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Global Development and Social Justice. Obesity is on the rise. Facts about Obesity According to the World Health Organization. According to WHO’s data from 2005, approximately 1.6 billion adults over the age of 15 were overweight and 400 million were obese worldwide.

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facts about obesity according to the world health organization
Facts about Obesity According to the World Health Organization
  • According to WHO’s data from 2005, approximately 1.6 billion adults over the age of 15 were overweight and 400 million were obese worldwide.
  • In that same year, approximately 20 million children under the age of 5 were overweight, worldwide.
  • WHO predicts that by the year 2015, there will be approximately 2.3 billion adults overweight and over 700 million obese adults worldwide.

http://www.who.int/mediacentre/factsheets/fs311/en/index.html

slide3

Size Scale

http://healthhabits.wordpress.com/2009/04/13/future-trends-in-global-obesity/

consequences of obesity
Consequences of Obesity
  • Cardiovascular disease

(Heart disease and stroke are the world’s leading cause of death, resulting in 17 million deaths per year.)

  • Diabetes

(WHO predicts that there will be an increase in deaths of over 50% in the next ten years resulting from diabetes.)

  • Musculoskeletal disorders such as osteoarthritis
  • Cancer
  • Childhood obesity is linked to a higher risk of premature death and disability in adulthood.

http://www.who.int/mediacentre/factsheets/fs311/en/index.html

effects of obesity in low and middle income countries
Effects of Obesity in Low and Middle Income Countries
  • Chronic disease risk factors such as obesity and overweight are affecting low and middle – income countries in addition to the dilemma of infectious diseases and under-nutrition, specifically in urban settings.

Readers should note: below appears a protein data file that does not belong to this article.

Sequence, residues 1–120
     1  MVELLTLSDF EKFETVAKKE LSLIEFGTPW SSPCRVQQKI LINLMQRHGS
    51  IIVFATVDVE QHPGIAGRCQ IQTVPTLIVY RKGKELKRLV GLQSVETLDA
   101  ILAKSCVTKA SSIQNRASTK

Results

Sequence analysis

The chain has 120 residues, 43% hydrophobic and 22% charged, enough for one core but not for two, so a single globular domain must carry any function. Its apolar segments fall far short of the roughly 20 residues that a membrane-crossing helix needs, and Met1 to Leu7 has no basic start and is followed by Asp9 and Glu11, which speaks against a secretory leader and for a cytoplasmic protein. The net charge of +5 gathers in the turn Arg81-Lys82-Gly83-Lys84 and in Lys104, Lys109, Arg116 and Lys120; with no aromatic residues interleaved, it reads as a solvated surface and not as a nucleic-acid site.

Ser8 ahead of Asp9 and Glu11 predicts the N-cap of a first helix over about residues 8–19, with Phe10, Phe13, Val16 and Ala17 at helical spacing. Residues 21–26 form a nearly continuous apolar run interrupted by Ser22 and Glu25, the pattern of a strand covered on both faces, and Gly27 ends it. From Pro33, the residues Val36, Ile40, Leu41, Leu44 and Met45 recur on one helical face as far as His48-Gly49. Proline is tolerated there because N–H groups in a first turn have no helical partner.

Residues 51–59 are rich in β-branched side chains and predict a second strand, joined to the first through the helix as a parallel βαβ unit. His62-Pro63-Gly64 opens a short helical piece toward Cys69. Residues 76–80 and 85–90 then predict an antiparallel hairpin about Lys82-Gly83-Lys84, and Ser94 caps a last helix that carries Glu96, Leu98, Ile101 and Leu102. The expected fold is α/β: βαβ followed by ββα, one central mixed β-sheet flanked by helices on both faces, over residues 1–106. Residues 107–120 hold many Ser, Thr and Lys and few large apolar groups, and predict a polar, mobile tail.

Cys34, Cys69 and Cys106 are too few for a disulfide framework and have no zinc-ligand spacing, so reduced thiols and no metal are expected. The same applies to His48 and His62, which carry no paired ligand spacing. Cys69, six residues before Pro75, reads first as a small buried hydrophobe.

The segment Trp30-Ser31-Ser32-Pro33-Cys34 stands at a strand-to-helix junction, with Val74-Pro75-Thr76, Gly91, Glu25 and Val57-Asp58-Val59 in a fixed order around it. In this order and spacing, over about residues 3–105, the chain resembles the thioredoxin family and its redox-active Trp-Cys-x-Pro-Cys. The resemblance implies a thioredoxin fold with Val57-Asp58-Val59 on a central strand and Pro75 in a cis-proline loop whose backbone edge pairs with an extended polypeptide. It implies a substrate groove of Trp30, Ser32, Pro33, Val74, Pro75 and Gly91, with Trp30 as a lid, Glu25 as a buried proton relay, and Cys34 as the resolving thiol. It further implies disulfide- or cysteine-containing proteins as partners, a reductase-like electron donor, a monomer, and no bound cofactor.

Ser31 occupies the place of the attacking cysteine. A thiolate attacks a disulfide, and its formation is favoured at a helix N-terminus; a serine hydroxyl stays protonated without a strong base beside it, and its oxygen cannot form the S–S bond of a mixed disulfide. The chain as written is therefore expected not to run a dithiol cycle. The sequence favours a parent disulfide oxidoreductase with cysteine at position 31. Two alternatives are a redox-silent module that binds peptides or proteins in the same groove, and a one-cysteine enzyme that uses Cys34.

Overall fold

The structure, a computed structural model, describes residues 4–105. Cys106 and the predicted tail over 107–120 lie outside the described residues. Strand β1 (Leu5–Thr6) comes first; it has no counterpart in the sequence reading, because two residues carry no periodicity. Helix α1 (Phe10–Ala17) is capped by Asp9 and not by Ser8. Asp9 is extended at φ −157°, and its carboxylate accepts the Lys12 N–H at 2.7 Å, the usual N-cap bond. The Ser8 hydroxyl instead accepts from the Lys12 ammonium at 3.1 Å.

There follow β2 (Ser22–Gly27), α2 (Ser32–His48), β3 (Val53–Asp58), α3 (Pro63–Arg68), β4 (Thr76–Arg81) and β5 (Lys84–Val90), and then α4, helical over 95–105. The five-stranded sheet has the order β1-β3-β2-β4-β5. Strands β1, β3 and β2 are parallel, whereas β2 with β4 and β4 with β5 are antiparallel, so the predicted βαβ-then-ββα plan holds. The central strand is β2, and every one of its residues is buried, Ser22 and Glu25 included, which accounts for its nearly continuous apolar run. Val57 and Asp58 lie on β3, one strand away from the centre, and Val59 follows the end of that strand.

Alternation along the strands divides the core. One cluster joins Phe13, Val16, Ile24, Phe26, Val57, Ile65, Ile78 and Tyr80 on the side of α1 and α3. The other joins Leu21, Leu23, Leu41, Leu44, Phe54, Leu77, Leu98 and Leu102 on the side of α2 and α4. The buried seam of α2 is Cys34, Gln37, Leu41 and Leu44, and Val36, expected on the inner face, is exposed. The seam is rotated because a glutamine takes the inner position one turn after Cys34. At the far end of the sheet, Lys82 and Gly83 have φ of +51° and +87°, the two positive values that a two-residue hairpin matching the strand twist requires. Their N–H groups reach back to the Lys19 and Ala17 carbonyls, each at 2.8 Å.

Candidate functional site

• Both under-nutrition and obesity exist within the same countries, communities and households.
  • This problem is a result of insufficient pre-natal care, infant, and child nutrition followed by the intake of high-fat, energy-dense, poor foods lacking the proper nutrients to sustain a healthy individual, along with insufficient physical activity.

http://www.who.int/mediacentre/factsheets/fs311/en/index.html

how can overweight and obesity be reduced
How Can Overweight and Obesity be Reduced
  • Limit the intake of total fats and modify the fat consumption from saturated fats to unsaturated fats.
  • Increase the intake of fruits and vegetables, legumes, whole grains, and nuts, while decreasing the consumption of sugars.
  • Increasing exercise.

http://www.who.int/mediacentre/factsheets/fs311/en/index.html

world health organization s strategy for preventing overweight and obesity
World Health Organization’s Strategy For Preventing Overweight and Obesity
  • In 2004, the World Health Assembly adopted the WHO Global Strategy on Diet, Physical Activity and Health.
  • This strategy:
  • Advocates for health promotion and chronic disease prevention and control.
  • Promotes health particularly in poor and disadvantaged populations.
  • Promotes the deceleration and reversal of trends in the common chronic disease risk factors.
  • Promotes the prevention of premature deaths and disability due to these major chronic diseases.

http://www.who.int/mediacentre/factsheets/fs311/en/index.html

the organization for economic co operation and development
The Organization for Economic Co-operation and Development